Boisdale of Belgravia

Why on earth is there so much tartan?  That’s basically the first thought I have upon arriving at Boisdale, red walls, mounted stags and an awful lot of tartan.  Things become clearer when I realise this is a Scottish-themed restaurant.  I didn’t realise Scottish food could be applied as a theme – I mean there’s haggis, and well that’s about it right.  Whisky, husband reminds me, with his patented ‘Oh dear, why am I explaining the obvious’ look on his face, how could you forget whisky he says.  Well, I don’t really drink whiskey so I think I can be forgiven.

Then there’s the jazz, now surely that isn’t Scottish. And cigars.  Right, well I don’t know where they’re from, but I’m going to go with Cuba.  Hell, they’re even called Havana cigars.

Aside from all the tartan, initial impressions are not good.  They’ve lost our reservation and don’t believe me when I say I have one – necessitating pulling out the email confirmation.  Not daunted, they still say they’re fully booked and are starting to hint at us finding somewhere else, but this is deepest darkest Victoria/Westminster, a plethora of restaurants there are not and I am certainly not about to give up to hunt the streets.

Instead, we have a drink at the bar while we wait for a table.  We’re then shown to one.  Oh but it’s not ours, so we’re asked to vacate it and we go back to standing by the bar.  I don’t know about you, but I’d be feeling a lot less cranky if there’d been an apology or a complimentary drink while we waited.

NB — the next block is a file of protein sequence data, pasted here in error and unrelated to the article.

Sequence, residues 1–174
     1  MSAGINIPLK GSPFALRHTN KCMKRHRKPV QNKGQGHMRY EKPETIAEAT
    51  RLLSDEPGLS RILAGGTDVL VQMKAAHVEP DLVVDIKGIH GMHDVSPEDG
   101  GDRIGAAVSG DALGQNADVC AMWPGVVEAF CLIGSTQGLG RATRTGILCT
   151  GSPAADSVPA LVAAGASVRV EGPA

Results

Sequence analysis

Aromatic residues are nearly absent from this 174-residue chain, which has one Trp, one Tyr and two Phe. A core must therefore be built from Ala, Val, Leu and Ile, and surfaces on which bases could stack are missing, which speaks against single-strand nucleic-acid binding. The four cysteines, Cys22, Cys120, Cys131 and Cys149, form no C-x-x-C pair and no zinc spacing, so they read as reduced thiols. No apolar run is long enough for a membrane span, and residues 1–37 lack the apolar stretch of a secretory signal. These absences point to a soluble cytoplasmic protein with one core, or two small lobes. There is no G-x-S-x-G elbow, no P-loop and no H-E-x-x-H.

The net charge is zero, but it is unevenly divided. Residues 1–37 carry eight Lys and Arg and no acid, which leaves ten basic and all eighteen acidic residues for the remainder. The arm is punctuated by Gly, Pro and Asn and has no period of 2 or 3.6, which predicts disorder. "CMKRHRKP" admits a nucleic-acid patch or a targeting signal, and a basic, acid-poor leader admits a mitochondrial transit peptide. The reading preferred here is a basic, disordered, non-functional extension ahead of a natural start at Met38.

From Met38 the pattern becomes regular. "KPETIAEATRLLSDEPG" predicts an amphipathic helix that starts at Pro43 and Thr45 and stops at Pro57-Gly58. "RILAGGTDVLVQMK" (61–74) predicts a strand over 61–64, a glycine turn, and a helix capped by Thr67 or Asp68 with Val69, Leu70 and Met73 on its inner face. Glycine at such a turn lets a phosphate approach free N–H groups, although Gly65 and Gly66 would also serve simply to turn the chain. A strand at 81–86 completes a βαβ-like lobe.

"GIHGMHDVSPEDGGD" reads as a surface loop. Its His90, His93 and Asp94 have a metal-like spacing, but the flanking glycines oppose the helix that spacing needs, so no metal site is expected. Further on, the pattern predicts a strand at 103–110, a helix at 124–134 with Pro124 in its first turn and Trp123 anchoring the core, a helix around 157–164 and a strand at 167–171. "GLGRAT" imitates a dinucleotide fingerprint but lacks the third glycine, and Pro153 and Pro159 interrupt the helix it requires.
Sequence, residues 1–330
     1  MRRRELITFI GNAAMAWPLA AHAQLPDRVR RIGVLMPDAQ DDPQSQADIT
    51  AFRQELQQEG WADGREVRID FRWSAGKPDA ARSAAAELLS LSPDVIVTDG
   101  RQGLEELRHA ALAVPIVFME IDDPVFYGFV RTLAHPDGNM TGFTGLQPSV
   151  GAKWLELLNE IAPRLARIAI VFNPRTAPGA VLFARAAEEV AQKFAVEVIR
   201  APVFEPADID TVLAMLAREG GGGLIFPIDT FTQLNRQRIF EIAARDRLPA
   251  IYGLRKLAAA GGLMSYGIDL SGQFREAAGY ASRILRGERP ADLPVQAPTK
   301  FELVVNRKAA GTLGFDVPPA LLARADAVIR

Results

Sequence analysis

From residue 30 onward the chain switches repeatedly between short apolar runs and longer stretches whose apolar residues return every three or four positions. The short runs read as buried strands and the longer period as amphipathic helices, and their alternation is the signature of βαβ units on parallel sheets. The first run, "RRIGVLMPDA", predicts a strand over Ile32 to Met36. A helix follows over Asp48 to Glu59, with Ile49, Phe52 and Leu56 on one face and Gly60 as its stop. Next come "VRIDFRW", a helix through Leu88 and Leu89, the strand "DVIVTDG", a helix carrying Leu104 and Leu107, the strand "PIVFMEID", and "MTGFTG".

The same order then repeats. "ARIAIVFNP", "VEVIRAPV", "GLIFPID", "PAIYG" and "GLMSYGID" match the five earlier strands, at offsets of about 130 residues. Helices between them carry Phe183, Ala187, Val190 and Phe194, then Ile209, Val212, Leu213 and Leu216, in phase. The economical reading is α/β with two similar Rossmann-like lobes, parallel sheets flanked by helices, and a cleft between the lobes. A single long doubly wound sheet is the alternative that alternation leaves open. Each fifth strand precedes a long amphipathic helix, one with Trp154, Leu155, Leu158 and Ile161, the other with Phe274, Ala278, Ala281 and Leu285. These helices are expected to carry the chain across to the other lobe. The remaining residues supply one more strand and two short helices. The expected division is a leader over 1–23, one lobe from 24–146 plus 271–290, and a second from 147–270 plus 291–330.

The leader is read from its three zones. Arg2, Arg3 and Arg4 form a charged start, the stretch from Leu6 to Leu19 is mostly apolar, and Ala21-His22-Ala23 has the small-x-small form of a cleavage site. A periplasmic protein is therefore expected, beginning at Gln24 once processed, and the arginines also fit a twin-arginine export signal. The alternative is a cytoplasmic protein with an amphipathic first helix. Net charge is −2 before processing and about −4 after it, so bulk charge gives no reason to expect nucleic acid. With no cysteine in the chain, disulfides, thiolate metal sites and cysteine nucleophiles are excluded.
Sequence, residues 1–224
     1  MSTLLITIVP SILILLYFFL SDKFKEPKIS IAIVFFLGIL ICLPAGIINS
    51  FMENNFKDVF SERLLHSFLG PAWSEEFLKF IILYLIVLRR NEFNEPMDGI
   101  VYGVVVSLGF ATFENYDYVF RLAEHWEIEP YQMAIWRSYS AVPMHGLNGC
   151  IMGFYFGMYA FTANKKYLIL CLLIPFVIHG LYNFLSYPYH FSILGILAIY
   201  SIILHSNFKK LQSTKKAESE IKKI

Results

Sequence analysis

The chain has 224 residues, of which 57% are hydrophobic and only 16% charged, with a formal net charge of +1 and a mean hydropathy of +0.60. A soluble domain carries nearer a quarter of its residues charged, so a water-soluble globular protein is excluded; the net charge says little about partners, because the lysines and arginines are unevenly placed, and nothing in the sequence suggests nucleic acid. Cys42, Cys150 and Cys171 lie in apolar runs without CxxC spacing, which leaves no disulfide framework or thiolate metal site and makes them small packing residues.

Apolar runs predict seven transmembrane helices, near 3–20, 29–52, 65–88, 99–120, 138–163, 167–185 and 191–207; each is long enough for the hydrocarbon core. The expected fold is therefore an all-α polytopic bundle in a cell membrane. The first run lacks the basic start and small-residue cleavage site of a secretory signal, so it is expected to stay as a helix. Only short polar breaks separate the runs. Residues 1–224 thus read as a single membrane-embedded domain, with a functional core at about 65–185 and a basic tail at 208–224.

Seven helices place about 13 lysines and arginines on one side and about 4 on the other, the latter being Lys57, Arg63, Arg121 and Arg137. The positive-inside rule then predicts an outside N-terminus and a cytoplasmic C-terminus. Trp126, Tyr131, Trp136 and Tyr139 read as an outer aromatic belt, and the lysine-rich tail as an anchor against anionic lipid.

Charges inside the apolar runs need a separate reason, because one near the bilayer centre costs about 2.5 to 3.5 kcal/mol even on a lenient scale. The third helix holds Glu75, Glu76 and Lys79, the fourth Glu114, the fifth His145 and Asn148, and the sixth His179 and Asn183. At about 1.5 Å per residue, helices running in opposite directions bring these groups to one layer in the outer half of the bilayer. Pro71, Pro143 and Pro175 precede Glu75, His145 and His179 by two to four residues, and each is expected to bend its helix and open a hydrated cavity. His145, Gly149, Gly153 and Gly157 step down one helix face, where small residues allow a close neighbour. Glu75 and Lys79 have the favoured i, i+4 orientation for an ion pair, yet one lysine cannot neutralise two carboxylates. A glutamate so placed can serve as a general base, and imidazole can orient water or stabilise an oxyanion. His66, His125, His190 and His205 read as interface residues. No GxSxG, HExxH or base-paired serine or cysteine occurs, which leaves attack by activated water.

Finally we’re shown through and peruse the menu.

The boys kick things off with a mini haggis for starters, complete with mash and neeps, which even has the option of a noggin of whisky as a chaser, which it seems is an absolute no-brainer of an option.  Even Husband, who i suspect doesn’t really know what is in Haggis (let’s not tell him that now) fell just one step short of licking his plate clean, but that may have been the influence of the whisky.

I opt for the potted smoked mackerel with horseradish and toast.  This isn’t nearly as pungent and fishy as I’d like, it’s tasty but far too mellow to be doing justice to the strong tastes of mackerel and horseradish in one pairing.

We’ve all ordered the exact same thing for a main, which usually is something I’m dead set against, but the lure of the saddleback pork with curly kale and black pudding hash is too much to resist, and so we tuck in.

Pork with Curly kale and black pudding hash

Pork with Curly kale and black pudding hash

The tools aren’t really adequate for the job, the meat is tender to taste, but far too hard to saw through which is making it seem all a bit too hard to plough through.  The hash & kale are a little salty for my taste personally but the staff keep us plenty replenished with water, which they realise we are downing like those in the dessert.

By the time we’re about halfway through our mains, the lively jazz band kicks in and while we cannot see them from our position in the annexe,  they’re an atmospheric addition to the place.  There are advantages to not being able to see them and that is that we can continue to talk without being deafened as those in the main restaurant would probably struggle with.

So as to enjoy the music, we opt to share a cheeseboard and the boys mull over the other option to end the meal; Havana cigars.

We’re plated up an immense portion of various cheeses so we can all share and nibbling on cheese & crackers, the tang of whisky in the air and the jazz band music filtering through to us are a great way to end the night.

However, as to the package as a whole, I remain unconvinced.  Our waitress was lovely, attentive & sweet, however the front of house staff were a bit off-putting, the food was delicious but needed that little extra something to push it into divine.

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